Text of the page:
Differences in homeownership now contribute to differences later. Article one:
American home buyers are older, whiter and wealthier than at any time in recent memory, with first-time buyers accounting for the smallest share of the market in 41 years, the National Association of Realtors found in its annual profile of home buyers and sellers.
White buyers accounted for 88 percent of home sales during the survey period, up from 82 percent during the same period a year earlier, reaching the highest level in 25 years, according to the association’s findings.
The new findings add weight to a hard truth that many young families have experienced as they struggle to save money to buy a home, competing in the most brutally competitive housing market in modern history: They have been elbowed out by buyers who have something they might never have — all cash…
“This is a feedback mechanism that can potentially supercharge wealth inequality in our economy,” said Austin Clemens, the director of economic measurement policy at the Washington Center for Equitable Growth, who studies housing inequities. “It’s hitting younger people, it’s hitting lower income people. And we also find that this is hitting Hispanic and Black households especially hard.”
Though loan denials for both Black and white applicants have slowed since the 2008 financial crisis, the gap in denial rates for Black and white people applying for home loans has widened significantly. Today, 15 percent of Black applicants are denied mortgages while 6 percent of white applicants are denied the home loans, according to a report by the National Association of Real Estate Brokers, an advocacy organization for Black real estate professionals.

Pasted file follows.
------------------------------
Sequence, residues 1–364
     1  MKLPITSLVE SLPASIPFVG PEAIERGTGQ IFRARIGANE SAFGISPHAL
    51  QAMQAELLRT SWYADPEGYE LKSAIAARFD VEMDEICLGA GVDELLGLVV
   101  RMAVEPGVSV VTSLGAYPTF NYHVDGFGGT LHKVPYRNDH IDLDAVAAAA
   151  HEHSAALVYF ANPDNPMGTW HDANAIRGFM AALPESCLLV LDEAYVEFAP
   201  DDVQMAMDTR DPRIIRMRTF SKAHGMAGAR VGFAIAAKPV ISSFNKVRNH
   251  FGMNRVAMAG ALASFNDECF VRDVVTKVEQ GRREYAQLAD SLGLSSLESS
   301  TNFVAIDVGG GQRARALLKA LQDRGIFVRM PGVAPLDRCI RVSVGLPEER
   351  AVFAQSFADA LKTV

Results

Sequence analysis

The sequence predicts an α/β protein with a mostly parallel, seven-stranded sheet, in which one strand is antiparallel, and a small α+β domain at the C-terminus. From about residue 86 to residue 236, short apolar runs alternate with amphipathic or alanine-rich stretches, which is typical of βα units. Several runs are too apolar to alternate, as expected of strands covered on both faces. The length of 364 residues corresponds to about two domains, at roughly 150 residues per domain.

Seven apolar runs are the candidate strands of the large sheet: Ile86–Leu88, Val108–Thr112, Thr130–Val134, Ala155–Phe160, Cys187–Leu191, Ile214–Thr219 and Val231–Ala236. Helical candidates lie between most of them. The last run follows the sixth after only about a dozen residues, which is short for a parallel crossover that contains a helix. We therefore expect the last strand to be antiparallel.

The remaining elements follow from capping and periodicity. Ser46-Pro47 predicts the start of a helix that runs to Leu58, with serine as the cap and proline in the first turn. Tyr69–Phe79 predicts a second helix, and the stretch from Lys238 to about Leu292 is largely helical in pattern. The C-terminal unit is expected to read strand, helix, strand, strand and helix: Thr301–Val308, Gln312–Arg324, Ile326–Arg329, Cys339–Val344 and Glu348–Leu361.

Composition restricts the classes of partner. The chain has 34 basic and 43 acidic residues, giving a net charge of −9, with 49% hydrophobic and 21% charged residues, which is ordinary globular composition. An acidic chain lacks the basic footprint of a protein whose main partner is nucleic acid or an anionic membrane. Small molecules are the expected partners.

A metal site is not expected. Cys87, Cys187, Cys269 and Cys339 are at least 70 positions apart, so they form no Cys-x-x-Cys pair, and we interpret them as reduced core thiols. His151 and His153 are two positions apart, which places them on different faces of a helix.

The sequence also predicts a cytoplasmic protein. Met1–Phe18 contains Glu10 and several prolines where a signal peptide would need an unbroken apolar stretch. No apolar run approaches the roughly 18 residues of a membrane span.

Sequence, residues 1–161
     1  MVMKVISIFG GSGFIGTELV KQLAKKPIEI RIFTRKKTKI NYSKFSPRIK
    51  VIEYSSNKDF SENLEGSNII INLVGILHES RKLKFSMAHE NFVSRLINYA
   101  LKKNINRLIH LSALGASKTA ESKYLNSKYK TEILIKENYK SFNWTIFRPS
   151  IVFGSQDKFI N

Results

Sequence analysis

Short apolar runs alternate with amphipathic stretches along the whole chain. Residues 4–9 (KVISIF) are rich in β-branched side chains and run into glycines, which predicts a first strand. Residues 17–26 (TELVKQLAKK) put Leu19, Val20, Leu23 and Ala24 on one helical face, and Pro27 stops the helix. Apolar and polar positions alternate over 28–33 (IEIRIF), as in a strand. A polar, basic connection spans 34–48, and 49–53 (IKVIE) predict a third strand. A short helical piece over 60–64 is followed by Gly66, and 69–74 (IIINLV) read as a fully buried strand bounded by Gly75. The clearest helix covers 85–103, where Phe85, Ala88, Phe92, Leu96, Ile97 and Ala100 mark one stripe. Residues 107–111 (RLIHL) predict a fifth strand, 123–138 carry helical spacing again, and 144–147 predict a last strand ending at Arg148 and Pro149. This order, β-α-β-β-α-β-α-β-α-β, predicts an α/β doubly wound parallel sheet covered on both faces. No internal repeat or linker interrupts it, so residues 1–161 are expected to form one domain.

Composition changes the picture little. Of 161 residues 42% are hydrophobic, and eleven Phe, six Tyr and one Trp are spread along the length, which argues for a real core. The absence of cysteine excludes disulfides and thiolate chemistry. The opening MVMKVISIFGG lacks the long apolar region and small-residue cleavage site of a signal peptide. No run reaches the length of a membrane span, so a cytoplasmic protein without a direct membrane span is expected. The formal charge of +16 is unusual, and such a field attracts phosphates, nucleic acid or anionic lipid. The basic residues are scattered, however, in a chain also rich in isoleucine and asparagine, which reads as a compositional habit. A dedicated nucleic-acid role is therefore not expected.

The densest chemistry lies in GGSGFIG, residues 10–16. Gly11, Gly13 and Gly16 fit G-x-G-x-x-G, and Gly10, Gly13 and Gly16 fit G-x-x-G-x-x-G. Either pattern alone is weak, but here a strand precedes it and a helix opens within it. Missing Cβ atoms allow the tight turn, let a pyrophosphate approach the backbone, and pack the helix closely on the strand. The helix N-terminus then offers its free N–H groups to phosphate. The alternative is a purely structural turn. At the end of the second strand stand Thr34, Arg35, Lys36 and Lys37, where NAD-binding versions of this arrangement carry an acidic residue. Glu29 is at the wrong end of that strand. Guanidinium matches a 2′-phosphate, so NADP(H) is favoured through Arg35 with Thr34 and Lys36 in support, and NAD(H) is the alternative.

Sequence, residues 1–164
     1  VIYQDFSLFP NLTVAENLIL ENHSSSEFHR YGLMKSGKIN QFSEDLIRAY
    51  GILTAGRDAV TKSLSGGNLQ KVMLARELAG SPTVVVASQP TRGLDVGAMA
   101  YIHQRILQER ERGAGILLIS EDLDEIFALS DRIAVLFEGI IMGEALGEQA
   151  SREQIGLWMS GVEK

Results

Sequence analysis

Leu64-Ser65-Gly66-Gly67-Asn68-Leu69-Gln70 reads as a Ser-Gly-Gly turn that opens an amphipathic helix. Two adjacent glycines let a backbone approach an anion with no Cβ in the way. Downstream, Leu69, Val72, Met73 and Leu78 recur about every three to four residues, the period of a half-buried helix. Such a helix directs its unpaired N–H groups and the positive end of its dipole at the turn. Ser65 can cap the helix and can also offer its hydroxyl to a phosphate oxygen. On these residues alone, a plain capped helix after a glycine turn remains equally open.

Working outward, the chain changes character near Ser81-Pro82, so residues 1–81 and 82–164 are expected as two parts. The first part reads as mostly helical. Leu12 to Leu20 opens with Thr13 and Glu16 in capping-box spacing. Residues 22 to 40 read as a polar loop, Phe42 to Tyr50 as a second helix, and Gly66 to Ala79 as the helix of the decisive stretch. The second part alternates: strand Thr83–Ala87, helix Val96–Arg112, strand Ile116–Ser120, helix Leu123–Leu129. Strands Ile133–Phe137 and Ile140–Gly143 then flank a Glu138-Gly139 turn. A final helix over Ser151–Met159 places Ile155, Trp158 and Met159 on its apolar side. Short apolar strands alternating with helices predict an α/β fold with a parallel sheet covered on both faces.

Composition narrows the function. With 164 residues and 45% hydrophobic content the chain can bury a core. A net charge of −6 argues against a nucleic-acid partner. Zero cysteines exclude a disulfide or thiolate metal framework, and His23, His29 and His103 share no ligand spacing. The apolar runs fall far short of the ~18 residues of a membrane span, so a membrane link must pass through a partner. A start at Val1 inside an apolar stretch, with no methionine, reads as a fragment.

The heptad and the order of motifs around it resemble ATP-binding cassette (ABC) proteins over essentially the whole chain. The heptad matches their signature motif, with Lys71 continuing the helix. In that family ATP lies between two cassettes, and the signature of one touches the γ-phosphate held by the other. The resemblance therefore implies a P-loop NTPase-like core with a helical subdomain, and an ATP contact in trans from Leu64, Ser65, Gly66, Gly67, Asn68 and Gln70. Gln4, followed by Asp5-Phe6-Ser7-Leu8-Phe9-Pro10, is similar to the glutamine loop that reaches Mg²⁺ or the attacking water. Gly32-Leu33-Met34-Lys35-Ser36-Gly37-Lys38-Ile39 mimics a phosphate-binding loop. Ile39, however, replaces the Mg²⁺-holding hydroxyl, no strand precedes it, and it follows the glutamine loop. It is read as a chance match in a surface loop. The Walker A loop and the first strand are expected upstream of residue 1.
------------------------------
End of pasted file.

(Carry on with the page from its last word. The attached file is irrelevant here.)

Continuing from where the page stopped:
The housing market remains persistently and disproportionately challenging for Black prospective home buyers, the report’s writers say, although Black homeownership has been inching forward since the passage of the 1968 Fair Housing Act, which made it illegal to discriminate based on race or religion in all aspects of home sales and rentals. The full report will be released on Wednesday.
Nearly 45 percent of Black households own their homes, compared with more than 74 percent of white households. But in 1970, the gap in homeownership between Black and white households was about 24 percent. Today, it is 30 percent.
The disparity in homeownership rates, as well as widespread appraisal discrimination, are compounding the massive income gap between Black and white households and thwarting Black Americans’ efforts to create generational wealth, the report notes. In 2020, the average white family held 12 times the wealth of the average Black family, and home equity is the largest source of wealth for both Black and white households, the report says.
If a potential buyer cannot purchase now, this has ramifications for years. And if someone could not purchase decades ago, this has implications right now.
Given the American emphasis on homeownership, even by presidents, I am a little surprised there has been limited public conversation about more assistance for first-time buyers. Are there ways on a broader scale to help people purchase a first home that helps increase equity later? With starter homes in low supply, help is needed. And addressing disparities now could help close gaps later.
Also noting here: good homes are needed even if the primary goal of owning a home is not to generate wealth, a relatively recent shift in how Americans view dwellings. Where people live is tied to all sorts of outcomes and experiences.